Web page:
We’re thankful for YOU, our readers! And to show our gratitude, we’re giving away one of Robert Keeley’s most in-demand new releases, the Keeley Oxblood overdrive pedal. All you need to do to enter is insert a comment below with a topic you’d like us to research and write about next year! It could be anything from a review request for a specific product, a tone tip or question, a profile of a favorite artist or an interview, etc. We’ll select a winner randomly on DECEMBER 18, 2015! Good luck and wish you all a wonderful holiday season!
Among musicians, Robert Keeley has become a virtual household name in quality compression for well over a decade. With humble beginnings building early units based on the famed grey Ross compressor from out of his home, to now having sold over 40,000 compressors and growing his business with a complete lineup of original designs, Robert Keeley and the team at Keeley Electronics have achieved great success since the early days.
The latest designs in the company’s compression family are original and based on new circuits that Robert and his engineering team spent years perfecting. Today we’ll look review the more compact model, the Keeley GC-2 Limiting Amplifier.
In part one, we spent some time with some vintage fuzz classics. Now let’s move forward in time and take a look at some Fuzzes that are currently on the market (with the exception of one which we’ll get to).
Fuzz, more than any other effect, really comes down to personal preferences. As a result, there is no judgment here with regards to what is the “better” fuzz unit – Just sonic descriptions and details that can help you make some choices depending on the direction that you’d like to go with your fuzz tones.
Creative, innovative products are often sparked by thoughts that began with, “Wouldn’t it be cool if…?”
Such is the case with the new Keeley Phaser, a design that provides the unique ability to switch between two phaser speeds by way of a ramp function. It works like a rotating Leslie speaker cabinet where the phase rate gradually changes from fast to slow or vice versa with the footswitch – except you now have control over the transition time from the two speeds you select. You can choose between an immediate phase speed change or a gradual ramp which can take up to about a half a minute to fully transition.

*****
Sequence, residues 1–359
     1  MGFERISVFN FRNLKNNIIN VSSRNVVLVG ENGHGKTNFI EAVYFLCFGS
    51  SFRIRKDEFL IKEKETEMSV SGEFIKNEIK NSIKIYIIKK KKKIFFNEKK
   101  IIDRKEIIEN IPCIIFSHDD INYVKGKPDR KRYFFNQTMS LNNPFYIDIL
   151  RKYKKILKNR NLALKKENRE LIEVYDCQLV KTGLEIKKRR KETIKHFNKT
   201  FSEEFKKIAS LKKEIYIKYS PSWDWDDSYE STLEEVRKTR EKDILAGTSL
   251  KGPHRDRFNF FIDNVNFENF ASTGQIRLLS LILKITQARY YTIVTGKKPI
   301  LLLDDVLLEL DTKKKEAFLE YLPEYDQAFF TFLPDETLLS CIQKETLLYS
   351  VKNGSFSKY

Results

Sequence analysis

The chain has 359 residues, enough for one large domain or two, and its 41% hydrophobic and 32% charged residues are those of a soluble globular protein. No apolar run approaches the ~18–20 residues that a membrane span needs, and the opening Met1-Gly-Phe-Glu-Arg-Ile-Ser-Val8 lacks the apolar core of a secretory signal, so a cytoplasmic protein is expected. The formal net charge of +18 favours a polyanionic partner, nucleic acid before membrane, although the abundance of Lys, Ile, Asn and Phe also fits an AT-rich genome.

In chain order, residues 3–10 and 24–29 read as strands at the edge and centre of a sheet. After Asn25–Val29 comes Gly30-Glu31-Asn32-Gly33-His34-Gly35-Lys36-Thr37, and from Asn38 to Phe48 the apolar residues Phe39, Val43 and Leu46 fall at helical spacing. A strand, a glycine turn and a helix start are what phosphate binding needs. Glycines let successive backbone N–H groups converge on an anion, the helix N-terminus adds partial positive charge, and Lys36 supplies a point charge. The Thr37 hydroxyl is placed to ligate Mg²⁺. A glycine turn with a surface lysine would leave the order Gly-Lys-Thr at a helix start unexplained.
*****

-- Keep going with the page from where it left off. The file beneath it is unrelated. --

We will begin this article with an honest question: Does the world need yet another Tube Screamer or Tube Screamer clone? The original pedal itself sees no end to its use and popularity, and from the 90’s onward there has been no stop in production from countless manufacturers, large and small, each creating their own stamp and version of the pedal based on the Tube Screamer circuit. From low-cost imports made in China that anyone can afford, to custom painted unique one-offs costing hundreds of dollars, there’s a Tube Screamer for every class and budget of musician. So don’t we have enough already?
This past November, I had the pleasure to attend the Aerosmith show at the Shoreline in the Bay Area, with the added treat of being able to go backstage in the tech area prior to the show to get the full lowdown on what else? – the gear! I have to thank Brad Whitford’s personal guitar tech, Greg Howard, as well as Brad himself for taking the time out to meet with me and chat.
The stage sound during the show was perfectly mixed and sounded great. Joe Perry and Brad Whitford’s setups were both for the most part straightforward and based around the use of some of the best vintage guitars and amps along with a limited use of effects.